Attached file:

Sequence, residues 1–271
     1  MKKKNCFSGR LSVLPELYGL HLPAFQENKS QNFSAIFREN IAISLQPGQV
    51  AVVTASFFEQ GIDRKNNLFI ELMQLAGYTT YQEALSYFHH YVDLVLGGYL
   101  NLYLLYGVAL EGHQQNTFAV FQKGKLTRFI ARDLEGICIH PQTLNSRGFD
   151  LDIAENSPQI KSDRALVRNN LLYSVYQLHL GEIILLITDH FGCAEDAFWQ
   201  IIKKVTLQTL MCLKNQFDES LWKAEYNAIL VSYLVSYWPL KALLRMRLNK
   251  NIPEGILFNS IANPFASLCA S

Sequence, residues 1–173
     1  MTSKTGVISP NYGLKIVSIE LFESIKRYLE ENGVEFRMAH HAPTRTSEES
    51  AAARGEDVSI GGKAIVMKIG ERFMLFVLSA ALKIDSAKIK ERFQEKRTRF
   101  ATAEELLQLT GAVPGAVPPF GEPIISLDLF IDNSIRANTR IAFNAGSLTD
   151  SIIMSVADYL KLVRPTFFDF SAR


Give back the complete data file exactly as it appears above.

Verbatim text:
Sequence, residues 1–271
     1  MKKKNCFSGR LSVLPELYGL HLPAFQENKS QNFSAIFREN IAISLQPGQV
    51  AVVTASFFEQ GIDRKNNLFI ELMQLAGYTT YQEALSYFHH YVDLVLGGYL
   101  NLYLLYGVAL EGHQQNTFAV FQKGKLTRFI ARDLEGICIH PQTLNSRGFD
   151  LDIAENSPQI KSDRALVRNN LLYSVYQLHL GEIILLITDH FGCAEDAFWQ
   201  IIKKVTLQTL MCLKNQFDES LWKAEYNAIL VSYLVSYWPL KALLRMRLNK
   251  NIPEGILFNS IANPFASLCA S

Sequence, residues 1–173
     1  MTSKTGVISP NYGLKIVSIE LFESIKRYLE ENGVEFRMAH HAPTRTSEES
    51  AAARGEDVSI GGKAIVMKIG ERFMLFVLSA ALKIDSAKIK ERFQEKRTRF
   101  ATAEELLQLT GAVPGAVPPF GEPIISLDLF IDNSIRANTR IAFNAGSLTD
   151  SIIMSVADYL KLVRPTFFDF SAR